Yu-Gi-Oh Master Duel: Best Starter Deck Explained

When Blue-Eyes is not enough.

by J.R. Waugh


Yu-Gi-Oh Master Duel was just released on January 19th on all major platforms, and for veteran duelists, casual players, and newbies, it’s proving to be a fun way to play the popular card game online akin to a higher quality Duel Links.  Master Duel incorporates the rules from the game in a streamlined presentation that makes even the more complicated rules like Synchro or Link cards more approachable to learn and play.  But before it’s time to duel, everyone must what they think will be the best Starter Deck, so this is a brief overview of our choice.  Read more to find out!

Yu-Gi-Oh Master Duel: Best Starter Deck Explained

The 3 starter decks each have their unique strengths, adopting different playstyles from various eras of the game, but the one which stands out in its approachability is Synchro of Unity.  This is not to say the other decks, Power of the Dragon and Link Generation don’t have their strengths as they do which will be covered later.  Synchro of Unity is simply able to handle a broader variety of threats and does not require much time for its core strategies to get put to use.

Lethal Synergy


Synchro of Unity, for new players and old players unfamiliar with recent rules, uses Tuners combined with monsters as fodder to summon Synchro Monsters, as fast as on the first turn.  Synchro Monsters are summoned from your extra deck, boast decent Attack and Defense and abilities, and their conditions vary but you must match their level (stars) with the combined level total of the Tuners and non-tuner monsters your sacrifice.  This type of early game offensive build is present in Link Generation and Power of the Dragon too, but with less-lethal potential in the early game which is crucial in taking control of the match.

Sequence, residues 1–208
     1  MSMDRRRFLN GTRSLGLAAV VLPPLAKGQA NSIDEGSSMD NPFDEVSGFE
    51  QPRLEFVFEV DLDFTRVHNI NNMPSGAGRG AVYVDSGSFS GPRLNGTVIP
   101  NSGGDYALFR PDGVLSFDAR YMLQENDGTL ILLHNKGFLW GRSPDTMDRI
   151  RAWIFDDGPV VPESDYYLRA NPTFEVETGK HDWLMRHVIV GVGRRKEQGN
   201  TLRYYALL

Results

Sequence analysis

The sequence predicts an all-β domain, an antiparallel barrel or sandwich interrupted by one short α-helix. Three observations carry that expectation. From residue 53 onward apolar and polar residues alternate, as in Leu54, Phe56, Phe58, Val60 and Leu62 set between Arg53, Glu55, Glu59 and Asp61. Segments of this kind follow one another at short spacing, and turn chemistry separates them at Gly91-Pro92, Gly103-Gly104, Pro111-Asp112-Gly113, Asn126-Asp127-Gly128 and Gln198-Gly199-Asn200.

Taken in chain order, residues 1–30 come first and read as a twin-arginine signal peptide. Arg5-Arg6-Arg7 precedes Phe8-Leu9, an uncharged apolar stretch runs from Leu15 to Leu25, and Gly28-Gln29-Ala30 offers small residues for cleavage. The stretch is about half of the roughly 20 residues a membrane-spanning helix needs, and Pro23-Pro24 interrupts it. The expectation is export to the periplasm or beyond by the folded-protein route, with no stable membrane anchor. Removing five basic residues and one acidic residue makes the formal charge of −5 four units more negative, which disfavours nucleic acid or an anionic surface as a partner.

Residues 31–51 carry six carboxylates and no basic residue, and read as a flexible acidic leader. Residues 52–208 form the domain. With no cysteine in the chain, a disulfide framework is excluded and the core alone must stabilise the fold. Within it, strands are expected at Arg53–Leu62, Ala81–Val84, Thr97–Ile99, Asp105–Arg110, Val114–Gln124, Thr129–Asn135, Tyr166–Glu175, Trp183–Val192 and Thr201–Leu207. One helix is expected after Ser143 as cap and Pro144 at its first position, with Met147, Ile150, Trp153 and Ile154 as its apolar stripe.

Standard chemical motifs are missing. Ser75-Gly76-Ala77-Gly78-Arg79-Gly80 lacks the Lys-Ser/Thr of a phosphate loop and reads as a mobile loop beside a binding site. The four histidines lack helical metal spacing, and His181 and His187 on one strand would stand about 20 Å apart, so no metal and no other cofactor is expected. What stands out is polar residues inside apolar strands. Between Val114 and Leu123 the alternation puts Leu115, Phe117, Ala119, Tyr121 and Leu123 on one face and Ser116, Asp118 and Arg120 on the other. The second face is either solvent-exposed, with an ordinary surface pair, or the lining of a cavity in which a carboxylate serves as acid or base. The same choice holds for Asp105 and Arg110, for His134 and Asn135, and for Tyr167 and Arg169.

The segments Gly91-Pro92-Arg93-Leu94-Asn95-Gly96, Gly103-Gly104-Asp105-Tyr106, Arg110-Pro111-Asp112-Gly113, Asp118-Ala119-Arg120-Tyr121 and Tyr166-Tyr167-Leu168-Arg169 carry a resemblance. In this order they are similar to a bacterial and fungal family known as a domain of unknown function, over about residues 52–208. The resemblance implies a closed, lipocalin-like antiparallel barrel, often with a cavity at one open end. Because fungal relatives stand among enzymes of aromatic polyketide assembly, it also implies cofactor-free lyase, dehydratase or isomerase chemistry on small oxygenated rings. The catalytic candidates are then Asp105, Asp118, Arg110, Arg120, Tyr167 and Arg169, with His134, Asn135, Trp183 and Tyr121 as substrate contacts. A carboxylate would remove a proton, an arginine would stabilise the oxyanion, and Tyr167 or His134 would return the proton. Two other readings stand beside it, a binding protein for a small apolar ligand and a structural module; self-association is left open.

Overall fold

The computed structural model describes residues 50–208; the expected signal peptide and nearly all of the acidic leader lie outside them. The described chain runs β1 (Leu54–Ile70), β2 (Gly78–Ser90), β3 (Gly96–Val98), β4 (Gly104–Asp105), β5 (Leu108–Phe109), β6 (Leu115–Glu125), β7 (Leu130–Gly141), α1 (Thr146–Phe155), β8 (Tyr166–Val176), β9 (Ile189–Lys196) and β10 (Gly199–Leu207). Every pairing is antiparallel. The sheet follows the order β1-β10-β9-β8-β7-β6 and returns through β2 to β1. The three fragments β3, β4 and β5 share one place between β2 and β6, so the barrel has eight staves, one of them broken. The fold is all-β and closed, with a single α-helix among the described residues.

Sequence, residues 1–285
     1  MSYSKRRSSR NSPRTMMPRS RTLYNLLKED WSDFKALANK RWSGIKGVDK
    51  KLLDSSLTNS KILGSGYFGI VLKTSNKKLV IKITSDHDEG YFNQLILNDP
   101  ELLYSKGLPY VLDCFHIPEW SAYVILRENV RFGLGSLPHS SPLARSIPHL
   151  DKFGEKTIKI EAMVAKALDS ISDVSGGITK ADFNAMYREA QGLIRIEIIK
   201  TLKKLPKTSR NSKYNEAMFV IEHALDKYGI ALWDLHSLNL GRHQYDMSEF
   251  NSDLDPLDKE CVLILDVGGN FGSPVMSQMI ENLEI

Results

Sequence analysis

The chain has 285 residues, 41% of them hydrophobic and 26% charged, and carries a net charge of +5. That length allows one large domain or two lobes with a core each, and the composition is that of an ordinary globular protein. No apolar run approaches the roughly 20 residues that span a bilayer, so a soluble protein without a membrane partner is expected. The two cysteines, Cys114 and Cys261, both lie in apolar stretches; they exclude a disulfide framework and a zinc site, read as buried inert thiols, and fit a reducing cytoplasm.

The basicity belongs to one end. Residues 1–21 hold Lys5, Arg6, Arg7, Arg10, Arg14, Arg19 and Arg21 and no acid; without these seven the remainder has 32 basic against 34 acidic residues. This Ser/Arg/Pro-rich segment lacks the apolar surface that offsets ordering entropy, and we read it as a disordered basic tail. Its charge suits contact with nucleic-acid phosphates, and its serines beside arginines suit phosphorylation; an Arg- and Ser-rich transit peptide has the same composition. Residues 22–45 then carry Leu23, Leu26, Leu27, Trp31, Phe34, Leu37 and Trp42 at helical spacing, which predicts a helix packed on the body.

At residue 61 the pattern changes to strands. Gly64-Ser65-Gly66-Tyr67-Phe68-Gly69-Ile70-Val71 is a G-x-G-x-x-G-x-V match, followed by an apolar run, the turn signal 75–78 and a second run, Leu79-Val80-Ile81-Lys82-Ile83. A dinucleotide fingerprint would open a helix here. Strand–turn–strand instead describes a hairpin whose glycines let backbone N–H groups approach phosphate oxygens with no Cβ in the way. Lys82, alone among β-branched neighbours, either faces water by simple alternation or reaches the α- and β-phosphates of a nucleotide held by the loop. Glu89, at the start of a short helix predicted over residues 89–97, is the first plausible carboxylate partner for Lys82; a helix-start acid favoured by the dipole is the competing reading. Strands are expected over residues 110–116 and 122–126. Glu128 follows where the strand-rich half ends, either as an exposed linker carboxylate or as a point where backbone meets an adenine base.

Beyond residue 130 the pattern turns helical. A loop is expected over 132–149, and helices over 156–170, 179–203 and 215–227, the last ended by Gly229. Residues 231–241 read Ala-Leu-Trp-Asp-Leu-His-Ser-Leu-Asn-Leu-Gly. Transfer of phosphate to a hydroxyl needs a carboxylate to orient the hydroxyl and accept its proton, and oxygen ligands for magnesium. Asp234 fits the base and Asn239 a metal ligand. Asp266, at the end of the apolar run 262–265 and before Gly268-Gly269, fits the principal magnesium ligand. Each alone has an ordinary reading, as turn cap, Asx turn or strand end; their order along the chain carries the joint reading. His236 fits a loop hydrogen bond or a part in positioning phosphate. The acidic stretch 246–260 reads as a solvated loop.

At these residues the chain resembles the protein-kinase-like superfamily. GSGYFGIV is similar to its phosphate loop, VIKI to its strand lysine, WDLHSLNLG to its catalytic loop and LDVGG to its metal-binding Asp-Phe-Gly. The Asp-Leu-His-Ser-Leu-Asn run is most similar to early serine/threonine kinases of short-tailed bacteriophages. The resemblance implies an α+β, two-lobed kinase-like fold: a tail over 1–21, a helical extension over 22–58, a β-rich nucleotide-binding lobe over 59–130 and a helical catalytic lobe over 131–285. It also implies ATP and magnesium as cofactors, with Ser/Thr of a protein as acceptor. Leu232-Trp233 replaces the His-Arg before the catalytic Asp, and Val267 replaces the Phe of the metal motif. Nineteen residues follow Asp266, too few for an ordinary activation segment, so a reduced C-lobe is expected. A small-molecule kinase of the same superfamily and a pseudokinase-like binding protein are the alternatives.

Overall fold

This deck can dictate the flow of battle, such as through the returning Kunai with Chain popularly used in the anime which, when combined with the Nitro Warrior card, will force players to defend and then punish them.  This, combined with great cards like Shard of Greed for when you need better draws quickly, and the flexible potential this deck has even against other Synchro decks, makes this a good starting choice, and a fun way to get used to new mechanics.

The Competition


Power of the Dragon, on the other hand, survives well in the early game but not well, although it comes close in the form of delaying or even wasting Synchro and Link summons through good Spell Cards.  The presence of Blue-Eyes White Dragon is awesome as well; this is a more beginner-friendly deck but is not able to handle early game threats unless you’re lucky enough to draw and play Lord of D and Horn of Summoning Dragons, and you should not bank on luck.  And while the 5-Headed Dragon is an epic powerful monster, it is a Fusion monster meaning you need 5 dragons on the field or in your hand, and this can be intercepted.

Finally, Link Generation uses the Link gimmick that, while potent, is highly situational and can be pretty easily countered with the cards from Synchro of Unity.  Their main counter, however, is that they can’t be put in the defense position which interferes with cards like Kunai with Chain, but even then their monsters aren’t enough of a threat.

The biggest problem that Link Generation and Power of the Dragon share is that they require slower setup, and have too many cards that rely too much on specific circumstances to be played well.   What’s important to note is that, while Synchro of Union is the best Starter Deck of the three, you can easily gain both of the other two decks. You can also improve them with cards from in-game packs as well as building entire new decks that fit your playstyle.

This concludes our guide, Yu-Gi-Oh Master Duel: Best Starter Deck Explained!  Be sure to keep an eye out for more content on Master Duel in the future, in the articles below here!

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